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Sunday, 3 November 2013

Popular #Herbs - Parsley (Petroselinum crispum)


Parsley (Petroselinum crispum) is a biennial flowering plant, genus Petroselinum, belonging to the family Apiaceae, native to the Mediterranean region of southern Europe. The herb has been used in traditional medicine as diuretic agent, and to release spasms, reduce inflammation, clear toxins, enhance the digestion and stimulate uterus, regulate menstrual cycle, treat edema, etc.

Health Benefits
1. Diuretic effects
In the determination of diuretic effect of parsley in folk medicine found that Parsley extract, was shown on the other hand, to reduce the activity of the Na+-K+ ATPase in both cortex and medulla homogenates. Such an inhibition would decrease apical cellular Na+ reabsorption, lower K+ secretion, increase K+ concentration in the intercellular space and consequently would inhibit passive K+ influx across the tight junctions, according to "Diuretic effect and mechanism of action of parsley" by Kreydiyyeh SI, Usta J.(1)

2. Laxative effects
In the identification of Parsley' laxative properties claimed in folk medicine found that when parsley and furosemide were added together, net water absorption was significantly higher than with parsley alone and significantly lower than with furosemide alone. In addition, parsley extract was shown to inhibit the in vitro activity of the Na+-K+ATPase in a colon homogenate and the activity of a partially purified dog kidney ATPase. The results suggest that parsley acts by, inhibiting sodium and consequently water absorption through an inhibition of the Na+-K+ pump, and by stimulating the NaKCl, transporter and increasing electrolyte and water secretion, according to "The mechanism underlying the laxative properties of parsley extract" by Kreydiyyeh SI, Usta J, Kaouk I, Al-Sadi R.(2)

3. Antioxidants
In the investigation of Antioxidant activities of the total phenolics and HPLC analyses of the phenolic compounds of extracts from common Mediterranean plants, found that the antioxidant activities were evaluated according to the 2,2-diphenyl-1-picrylhydrazyl radical scavenger method. Sage (Salvia officinalis) showed the highest antioxidant activity (91%), while the lowest (11.3%) was seen in parsley (Petroselinum crispum). A strong correlation (r = 0.85) between antioxidant activity and total phenolic content was found, according to "Antioxidant activities, total phenolics and HPLC analyses of the phenolic compounds of extracts from common Mediterranean plants" by Rababah TM, Ereifej KI, Esoh RB, Al-u'datt MH, Alrababah MA, Yang W.(3)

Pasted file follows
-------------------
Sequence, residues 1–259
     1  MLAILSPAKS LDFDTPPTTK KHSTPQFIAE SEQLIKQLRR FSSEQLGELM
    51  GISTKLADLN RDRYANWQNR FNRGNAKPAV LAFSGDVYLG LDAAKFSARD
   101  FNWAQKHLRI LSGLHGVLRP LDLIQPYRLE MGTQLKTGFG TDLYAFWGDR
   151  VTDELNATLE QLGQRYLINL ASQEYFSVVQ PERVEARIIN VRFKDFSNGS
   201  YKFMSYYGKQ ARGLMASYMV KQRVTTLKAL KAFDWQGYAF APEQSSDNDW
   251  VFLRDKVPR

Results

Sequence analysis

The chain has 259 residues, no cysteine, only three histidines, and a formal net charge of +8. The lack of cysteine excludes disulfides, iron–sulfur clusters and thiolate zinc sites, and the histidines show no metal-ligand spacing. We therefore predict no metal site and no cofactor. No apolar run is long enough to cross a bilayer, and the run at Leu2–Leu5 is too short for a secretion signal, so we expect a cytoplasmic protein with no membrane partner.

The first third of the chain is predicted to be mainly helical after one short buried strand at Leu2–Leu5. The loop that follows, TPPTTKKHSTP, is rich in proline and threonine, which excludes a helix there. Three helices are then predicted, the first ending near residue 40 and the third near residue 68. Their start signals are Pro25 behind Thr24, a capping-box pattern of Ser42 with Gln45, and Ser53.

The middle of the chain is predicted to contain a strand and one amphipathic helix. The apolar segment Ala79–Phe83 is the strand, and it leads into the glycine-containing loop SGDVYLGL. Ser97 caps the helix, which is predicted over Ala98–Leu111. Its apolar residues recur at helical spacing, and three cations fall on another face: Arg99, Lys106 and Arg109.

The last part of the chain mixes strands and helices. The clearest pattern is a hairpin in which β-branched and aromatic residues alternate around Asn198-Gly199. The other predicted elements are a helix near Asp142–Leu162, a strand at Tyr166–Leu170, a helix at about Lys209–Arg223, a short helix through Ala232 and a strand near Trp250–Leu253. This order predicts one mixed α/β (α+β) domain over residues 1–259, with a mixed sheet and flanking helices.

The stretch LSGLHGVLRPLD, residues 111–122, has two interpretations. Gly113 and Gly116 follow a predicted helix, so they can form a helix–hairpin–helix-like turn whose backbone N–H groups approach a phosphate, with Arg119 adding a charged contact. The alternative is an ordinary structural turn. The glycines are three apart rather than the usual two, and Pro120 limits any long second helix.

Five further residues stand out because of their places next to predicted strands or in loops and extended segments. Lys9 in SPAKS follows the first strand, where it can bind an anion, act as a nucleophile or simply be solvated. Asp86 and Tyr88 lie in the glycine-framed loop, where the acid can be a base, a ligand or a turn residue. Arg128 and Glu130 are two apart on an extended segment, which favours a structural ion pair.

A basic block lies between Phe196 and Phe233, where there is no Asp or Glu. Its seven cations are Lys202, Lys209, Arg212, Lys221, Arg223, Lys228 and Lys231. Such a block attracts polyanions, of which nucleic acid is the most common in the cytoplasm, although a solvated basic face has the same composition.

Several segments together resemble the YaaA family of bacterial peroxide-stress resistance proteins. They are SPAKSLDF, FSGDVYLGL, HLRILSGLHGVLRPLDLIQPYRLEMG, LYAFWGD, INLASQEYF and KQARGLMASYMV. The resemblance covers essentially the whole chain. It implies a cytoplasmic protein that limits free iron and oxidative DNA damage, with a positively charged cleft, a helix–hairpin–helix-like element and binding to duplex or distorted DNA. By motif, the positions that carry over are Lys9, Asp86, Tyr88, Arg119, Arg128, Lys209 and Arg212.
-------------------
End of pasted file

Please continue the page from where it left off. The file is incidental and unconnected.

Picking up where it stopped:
4. Hepatotoxicity
In the investigation of the effects of parsley (2g/kg) and glibornuride (5mg/kg) on the liver tissue of streptozotocin-induced diabetic rats, found that The diabetic group, given glibornuride, blood glucose, serum alkaline phosphatase activity, serum sialic acid, uric acid, potassium, and liver NEG levels decreased, but liver LPO, GSH, serum sodium levels, and body weight increased. It was concluded that probably, due to its antioxidant property, parsley extract has a protective effect comparable to glibornuride against hepatotoxicity caused by diabetes, according to "Effects of parsley (Petroselinum crispum) extract versus glibornuride on the liver of streptozotocin-induced diabetic rats" by Ozsoy-Sacan O, Yanardag R, Orak H, Ozgey Y, Yarat A, Tunali T(4)

5. Immunomodulatory effect
In the determination of the suppressive effects of parsley essential oil on mouse splenocytes and macrophages cells, found that parsley essential oil may be able to suppress the cellular and humoral immune response. It can also suppress both NO production and the functions of macrophages as the main innate immune cells. These results may suggest that parsley essential oil is a proper suppressant for different applications, according to "Immunomodulatory effect of Parsley (Petroselinum crispum) essential oil on immune cells: Mitogen-activated splenocytes and peritoneal macrophages" by Yousofi A, Daneshmandi S, Soleimani N, Bagheri K, Karimi MH.(5)

6. Haemostasis
In the study of the aqueous extract (Pc) of Petroselinum crispum (Mill) and its effects haemostasis, found that Pc, apigenin and cosmosiin interfere on haemostasis inhibiting platelet aggregation. To the best of our knowledge this is the first report for the cosmosiin antiplatelet aggregation in vitro activity, according to "Phenolic chemical composition of Petroselinum crispum extract and its effect on haemostasis" by Chaves DS, Frattani FS, Assafim M, de Almeida AP, de Zingali RB, Costa SS.(6)

7. Antimicrobial effects